President Macron launches French campaign against endometriosis

New national funding will be allocated to improve awareness, diagnosis and research into effective care treatments of the debilitating condition that affects 1 in 10 women

A woman clutching her stomach with red light indicating pain
Endometriosis is a condition where the lining of the uterus grows elsewhere in the body, causing debilitating pain and suffering
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President Emmanuel Macron is to launch a national strategy to combat endometriosis, a painful and debilitating condition that affects one in 10 women in France and is the leading cause of infertility.

Mr Macron announced the plan on January 11, stating: “It’s not only women’s problem. It’s society’s problem.”

The national plan will aim to boost understanding and awareness of the issue, as well as improve diagnosis rates and treatment plans.

Much of the plan has been developed based on the work of MEP and gynaecologist Chrysoula Zacharopoulou, who has been working on the condition for years and this week submitted her latest report on how governments can help.

In a video posted on social media, Mr Macron said that the subject was “close to my heart and has been on my agenda since 2017”.

He said that for millions of women, “everything is made more difficult by this illness…they are exhausted by pain that can even cause them to pass out…which stops them from standing up, sleeping, doing sport, doing their work”.

The president said that resources would be allocated to enable the country “to rise to the challenge” of fighting the illness, to “better understand it and its causes, and to find effective treatments”.

He said it was “time” to speak about it to “break the silence”, “time to act to make it easier to access care”, and “time to invest so that researchers can explore the causes of the illness” and create a national research programme, to bring together all the current resources.

He said: “France can and must take the lead [in this research].”

What is the plan to help improve diagnosis and care?

Each region will be allocated at least one centre of expertise in the condition, helped by national funding and links with existing associations. The programme will also look into creating a “body” of research teams that would closely study the “incidence, the factors, and the consequences of the illness”.

Mr Macron said that the goal was for healthcare professionals and members of the public “to develop what could be called an 'endometriosis reflex' and awareness, wherever the condition could become debilitating, including at school, university, at home, at the office, and in medical circles.

Mr Macron added that “health professionals must be trained to better recognise the illness and use the treatments available”.

The president also thanked the “irreplaceable roles played” by all the doctors, ambassadors, researchers, associations, and expert patients “who work relentlessly” to raise awareness of the illness, and who “helped to build this strategy and will help us take it nationwide”.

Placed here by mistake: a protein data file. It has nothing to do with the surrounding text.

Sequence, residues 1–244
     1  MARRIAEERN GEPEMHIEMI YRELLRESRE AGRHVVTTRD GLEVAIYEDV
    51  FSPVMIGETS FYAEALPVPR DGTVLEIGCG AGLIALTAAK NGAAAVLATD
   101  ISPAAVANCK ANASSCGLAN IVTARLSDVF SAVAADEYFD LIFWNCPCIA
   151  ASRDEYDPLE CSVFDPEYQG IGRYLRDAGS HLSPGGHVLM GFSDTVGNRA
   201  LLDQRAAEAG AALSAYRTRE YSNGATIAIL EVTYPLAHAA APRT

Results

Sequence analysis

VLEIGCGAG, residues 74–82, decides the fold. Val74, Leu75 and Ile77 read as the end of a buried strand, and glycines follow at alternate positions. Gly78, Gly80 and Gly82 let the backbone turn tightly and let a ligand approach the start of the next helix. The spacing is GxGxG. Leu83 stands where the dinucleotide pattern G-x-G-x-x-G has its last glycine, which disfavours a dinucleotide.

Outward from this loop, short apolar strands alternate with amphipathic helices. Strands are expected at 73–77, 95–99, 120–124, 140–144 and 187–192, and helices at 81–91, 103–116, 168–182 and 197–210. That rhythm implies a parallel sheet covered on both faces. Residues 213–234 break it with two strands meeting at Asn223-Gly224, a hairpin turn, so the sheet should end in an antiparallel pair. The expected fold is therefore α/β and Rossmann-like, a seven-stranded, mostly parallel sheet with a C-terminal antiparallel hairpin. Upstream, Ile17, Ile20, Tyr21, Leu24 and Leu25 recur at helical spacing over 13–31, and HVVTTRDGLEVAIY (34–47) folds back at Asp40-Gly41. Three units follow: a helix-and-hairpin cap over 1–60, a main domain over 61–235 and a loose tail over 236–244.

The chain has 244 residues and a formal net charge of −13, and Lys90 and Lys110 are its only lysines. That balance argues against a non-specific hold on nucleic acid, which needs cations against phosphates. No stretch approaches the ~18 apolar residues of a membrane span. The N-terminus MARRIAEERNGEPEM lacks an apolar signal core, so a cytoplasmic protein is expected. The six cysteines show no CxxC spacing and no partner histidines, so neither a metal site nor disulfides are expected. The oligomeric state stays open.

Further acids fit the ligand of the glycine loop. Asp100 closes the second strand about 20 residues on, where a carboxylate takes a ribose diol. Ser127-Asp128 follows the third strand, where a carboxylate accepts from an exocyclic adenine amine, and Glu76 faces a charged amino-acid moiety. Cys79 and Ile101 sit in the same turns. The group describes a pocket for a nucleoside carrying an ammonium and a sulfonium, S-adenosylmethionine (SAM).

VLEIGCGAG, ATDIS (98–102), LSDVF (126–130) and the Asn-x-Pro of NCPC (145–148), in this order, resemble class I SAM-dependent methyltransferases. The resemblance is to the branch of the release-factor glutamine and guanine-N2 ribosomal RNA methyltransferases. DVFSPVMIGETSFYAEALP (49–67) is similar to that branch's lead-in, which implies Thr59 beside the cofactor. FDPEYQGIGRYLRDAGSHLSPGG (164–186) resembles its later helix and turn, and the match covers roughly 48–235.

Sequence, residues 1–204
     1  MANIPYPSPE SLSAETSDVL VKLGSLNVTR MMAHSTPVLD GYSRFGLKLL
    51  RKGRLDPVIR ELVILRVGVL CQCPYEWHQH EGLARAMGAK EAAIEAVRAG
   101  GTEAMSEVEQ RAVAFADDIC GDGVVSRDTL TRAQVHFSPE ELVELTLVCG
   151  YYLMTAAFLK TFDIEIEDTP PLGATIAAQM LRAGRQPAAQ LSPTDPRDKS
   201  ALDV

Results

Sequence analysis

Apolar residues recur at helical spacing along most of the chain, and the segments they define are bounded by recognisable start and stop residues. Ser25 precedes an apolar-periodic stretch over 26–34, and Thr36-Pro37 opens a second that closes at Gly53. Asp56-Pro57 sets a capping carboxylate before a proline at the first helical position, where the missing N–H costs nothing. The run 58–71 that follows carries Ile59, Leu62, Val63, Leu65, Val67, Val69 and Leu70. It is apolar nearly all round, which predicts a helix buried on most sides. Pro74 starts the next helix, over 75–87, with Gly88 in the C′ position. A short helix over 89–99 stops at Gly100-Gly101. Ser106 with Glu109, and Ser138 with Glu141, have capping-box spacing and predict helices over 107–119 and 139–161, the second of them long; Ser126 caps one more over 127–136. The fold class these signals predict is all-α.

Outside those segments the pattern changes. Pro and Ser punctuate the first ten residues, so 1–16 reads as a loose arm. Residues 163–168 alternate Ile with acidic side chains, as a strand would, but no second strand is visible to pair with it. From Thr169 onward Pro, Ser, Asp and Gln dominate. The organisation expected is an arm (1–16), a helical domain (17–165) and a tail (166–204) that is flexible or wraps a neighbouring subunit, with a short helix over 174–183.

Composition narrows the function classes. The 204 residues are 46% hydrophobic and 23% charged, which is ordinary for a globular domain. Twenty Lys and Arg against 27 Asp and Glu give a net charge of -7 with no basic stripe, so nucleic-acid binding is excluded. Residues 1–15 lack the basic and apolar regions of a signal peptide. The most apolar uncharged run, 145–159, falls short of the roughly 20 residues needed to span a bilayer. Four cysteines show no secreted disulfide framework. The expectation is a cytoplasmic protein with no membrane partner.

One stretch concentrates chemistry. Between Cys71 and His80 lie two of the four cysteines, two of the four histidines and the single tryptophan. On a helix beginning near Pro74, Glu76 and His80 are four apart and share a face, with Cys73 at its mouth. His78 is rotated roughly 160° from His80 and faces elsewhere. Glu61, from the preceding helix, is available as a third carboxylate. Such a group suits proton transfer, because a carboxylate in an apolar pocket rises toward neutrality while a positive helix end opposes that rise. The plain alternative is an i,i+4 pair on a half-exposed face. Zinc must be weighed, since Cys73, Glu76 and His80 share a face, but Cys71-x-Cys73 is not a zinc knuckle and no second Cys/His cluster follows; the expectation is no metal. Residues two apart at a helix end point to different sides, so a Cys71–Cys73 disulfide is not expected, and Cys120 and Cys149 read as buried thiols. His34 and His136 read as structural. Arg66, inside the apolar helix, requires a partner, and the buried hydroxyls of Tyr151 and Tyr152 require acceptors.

Mr Macron said that Health Minister Olivier Véran would soon gather a dedicated committee to “define the action plan” and help implement it to patient and professional associations, and to “all the ministries and sectors concerned", he added.

The first committee meeting is set to be held in February.

Video carries testimonials from women who have the condition

Mr Macron said: “This project holds hope for a better quality of life for two million women. Those are enough reasons for us to fight, all together. It’s our hope and our duty.”

The president also posted another video featuring testimonials from women who have the condition, and a man whose partner is affected.

Their comments include: “You can’t even imagine it. It hurts, it spreads throughout your entire body…I first got symptoms at the age of 14, but wasn’t diagnosed until the age of 30.

“We are suffering enormously. I was afraid of my period arriving. It’s very strong, sharp pain that causes me to have to lie down. Endless bleeding, dizziness, vomiting, passing out.

“It’s a chronic illness, so we’re tired all the time. And diagnosis still takes too long. It is so important to be listened to, and supported.”

Endometriosis is a disorder where tissue that usually lines the inside of the uterus grows outside the uterus, usually in the ovaries, fallopian tubes and pelvis. It can cause pain, bleeding, irritation, scar tissue, and even fibrous adhesions that can cause organs to stick together.

It can cause painful periods, pain during sex, painful bowel movements, excessive bleeding, fatigue, digestive issues, nausea, and infertility.

It can be difficult to diagnose and it still takes an average of seven years before women are diagnosed correctly. The condition is often confused with irritable bowel syndrome (IBS) or pelvic inflammatory disease (PID).

This can lead to women suffering for years without knowing why, or how to treat their condition, and even the current treatments can be ineffective, and cause side effects such as weight gain and hair loss.

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